Literature Circles are a lot like Writing Circles. Students do not need to join them with anything prepared ahead of time. Each group can have a variety of reading levels. They can also be randomly assigned. The idea is for students to get excited to read what their peers are reading. And, with some practice, to get excited to share their own book!
Growth Mindset: How to Nourish your Mindset to Make It Thrive!
Growth mindset is one of two belief systems we might have about our own abilities. Growth mindset has a more stagnant counterpart known as a fixed mindset. Research has shown encouraging different types of behavior might predict a person’s future successes.
Motivation Research has shown that these two mindsets are manifested from a very early age. Our mindset governs our behavior and our relationship with success and failure. This occurs in both professional and personal contexts, and ultimately affects our capacity for happiness in life.
Writing in All Subjects: Over the past two weeks, we’ve explored writing and ways to encourage reluctant writers to simply get words on paper. Now that your students/children are writing, what comes next? Writing can be used as a learning strategy, too.
Research has shown information is quickly forgotten if it’s not quickly reinforced. Writing can help to strengthen a student’s memories of material they’re currently working with.
Writing Strategies: Two Strategies to Help Young (and old) Writers. In my teaching experience, writing is one of the most difficult things to teach effectively. Teaching effective and meaningful writing in a virtual setting becomes that much harder. In the classroom, it has taken me many years to develop what I believe to be effective strategies to teach writing. Two strategies I encourage to help struggling writers in the classroom or at home: Writing Circles and Writing Graphic Organizers.
Writing wounded. What exactly does this concept mean? Many educators, as do I, look at writing as the inverse of reading. If you follow the Montessori method, you discover the fundamentals of writing are taught even before many fundamentals of reading. Writing also happens to be one of the subjects I was given the least guidance in during my teacher training. In my experience, writing is one of the most difficult things to teach effectively. At least, I feel that way at the upper elementary ages.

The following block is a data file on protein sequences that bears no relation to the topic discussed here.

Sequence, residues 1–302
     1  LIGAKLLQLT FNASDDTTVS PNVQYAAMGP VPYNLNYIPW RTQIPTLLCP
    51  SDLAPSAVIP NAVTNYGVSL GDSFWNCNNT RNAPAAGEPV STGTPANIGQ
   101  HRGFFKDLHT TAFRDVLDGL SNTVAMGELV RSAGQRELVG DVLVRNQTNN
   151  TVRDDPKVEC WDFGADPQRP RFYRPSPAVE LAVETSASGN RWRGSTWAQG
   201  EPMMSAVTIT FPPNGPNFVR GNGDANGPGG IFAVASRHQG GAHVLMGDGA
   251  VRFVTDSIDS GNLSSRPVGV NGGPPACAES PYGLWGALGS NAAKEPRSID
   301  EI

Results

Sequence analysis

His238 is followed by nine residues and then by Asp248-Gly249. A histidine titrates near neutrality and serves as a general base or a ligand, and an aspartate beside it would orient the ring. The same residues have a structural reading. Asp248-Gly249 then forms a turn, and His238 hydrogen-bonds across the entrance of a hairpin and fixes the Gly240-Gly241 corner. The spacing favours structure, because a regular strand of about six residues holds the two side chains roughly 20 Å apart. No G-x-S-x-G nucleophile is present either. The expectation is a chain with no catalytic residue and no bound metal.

Written language is a code and children need to be taught how to decode it. Early reading skills include phonics, word recognition, vocabulary, decoding and fluency. But as young readers advance, the development of comprehension skills work differently. Skilled reading is an active process; the reader’s mind is constantly processing information extracted from the text.
There are multiple comprehension thinking strategies available to a struggling reader. Often, many or all of these strategies are working together to assist in comprehension. Here is a breakdown of the seven to which have been found most effective..
Skilled Reading: How do we help struggling readers? As readers advance, the development of comprehension skills work differently. Research shows older readers possess specific strategies to construct meaning before, during, and after reading a text. I now know this type of reading to be called “skilled reading.”
The key to skilled reading is being capable of recognizing words without relying on context at all. This is one of the most well replicated findings in all current reading research.
What is it and how does it improve spelling and vocabulary? Word study is the study of changes made over time to words in a given language. This can be achieved through looking closely at the etymology of words, their roots & affixes, synonyms & antonyms and compound words. Word study enriches our vocabulary and can be used as a highly effective aid to spelling!
Upward social mobility: What is it? In this case, leading researchers have divided up the population into five categories or quintiles. If you are born in the bottom 20% (experts refer to this as the bottom quintile), upward social mobility is the chance you have to move up to the top 20% (or the top quintile). Another term commonly used for social mobility is inequality.
According to The Brookings Institution, there are multiple layers at work when it comes to our personal social mobility.
Montessori method can be quite confusing to an outsider who is looking in. The classroom approach goes against most things we remember from our traditional schooling. It can look chaotic and unproductive. The teacher might look unprepared and not as responsive to student needs as they should be..